Don’t distort the debate
Letter to the Editor | Monday, April 6, 2009
Gary Caruso’s recent editorial (“Countering the Cardinal Newman Society,” April 3) adds nothing to the debate over honoring President Obama at commencement. Caruso misconstrues both history and present controversy. For example, he defines indulgences as “free passes to heaven” – a definition never sanctioned by the Catholic Church. He also refers to “our first martyrs” as “tolerant.” It is historically irresponsible to attribute modern or postmodern ideas of “inclusion and tolerance” to the early Christian martyrs. The writings of one such martyr, Paul, will suffice to reveal the intolerant, exclusionary practices of apostolic Christians (1 Cor. 5:1-5; 1 Tim. 1:20; Gal 1:8-9).
More importantly, the editorial is off point. Its argument seems to run thus: the Cardinal Newman Society (CNS) is causing unrest; many medieval and Renaissance popes lived scandalous lives; we do not elect officials “to strenuously follow personal religious beliefs while in office.” Implied conclusion: nobody should object to Notre Dame’s plan to honor President Obama. First, Caruso ignores the bishops and student groups who oppose the plan and have no affiliation with the Cardinal Newman Society. He could argue that those bishops’ and students’ opposition does not matter, but he sidesteps the issue by treating the CNS as his only intellectual opponent.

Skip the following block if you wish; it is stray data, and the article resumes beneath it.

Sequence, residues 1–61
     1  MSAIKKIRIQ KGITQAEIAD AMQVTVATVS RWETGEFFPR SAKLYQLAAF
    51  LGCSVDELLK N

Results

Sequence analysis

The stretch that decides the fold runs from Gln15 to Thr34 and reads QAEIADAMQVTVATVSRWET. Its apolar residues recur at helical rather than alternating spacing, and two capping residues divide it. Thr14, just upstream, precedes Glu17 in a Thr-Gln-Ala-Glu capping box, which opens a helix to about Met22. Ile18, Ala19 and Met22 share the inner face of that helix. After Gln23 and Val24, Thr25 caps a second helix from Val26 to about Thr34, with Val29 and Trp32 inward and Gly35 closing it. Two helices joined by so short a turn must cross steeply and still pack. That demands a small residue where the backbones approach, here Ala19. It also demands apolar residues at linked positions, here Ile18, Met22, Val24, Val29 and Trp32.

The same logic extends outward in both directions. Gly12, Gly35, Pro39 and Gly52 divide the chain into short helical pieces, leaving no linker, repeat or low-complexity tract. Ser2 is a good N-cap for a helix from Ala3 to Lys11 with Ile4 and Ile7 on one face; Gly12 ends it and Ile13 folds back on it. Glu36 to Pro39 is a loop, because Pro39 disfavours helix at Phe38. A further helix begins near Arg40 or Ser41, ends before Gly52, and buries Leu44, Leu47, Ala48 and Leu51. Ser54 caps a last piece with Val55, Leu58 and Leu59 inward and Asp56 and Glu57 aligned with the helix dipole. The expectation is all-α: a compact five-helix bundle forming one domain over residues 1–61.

Second, nobody has proposed giving an honorary degree to any medieval pope. Furthermore, the Catholic Church has never claimed that the papal office implies sinlessness. The failure of some popes to live by Catholic moral teachings implies nothing about the validity of those teachings.
Third, who has asked that President Obama “strenuously follow personal religious beliefs” or “follow a single religion’s agenda?” Those who see President Obama as unsuitable for special honor by a Catholic institution argue not from his “personal religious beliefs” or from moral failings akin to those of bad popes, but from his concrete public policies. He promotes – in the public square and with public funds – activities contrary to fundamental Catholic moral teachings.
Whatever the soundness of Catholic moral teachings or of the plan to honor President Obama at commencement, let not the terms of the debate be skewed by misleading irrelevancies.
C. John Lane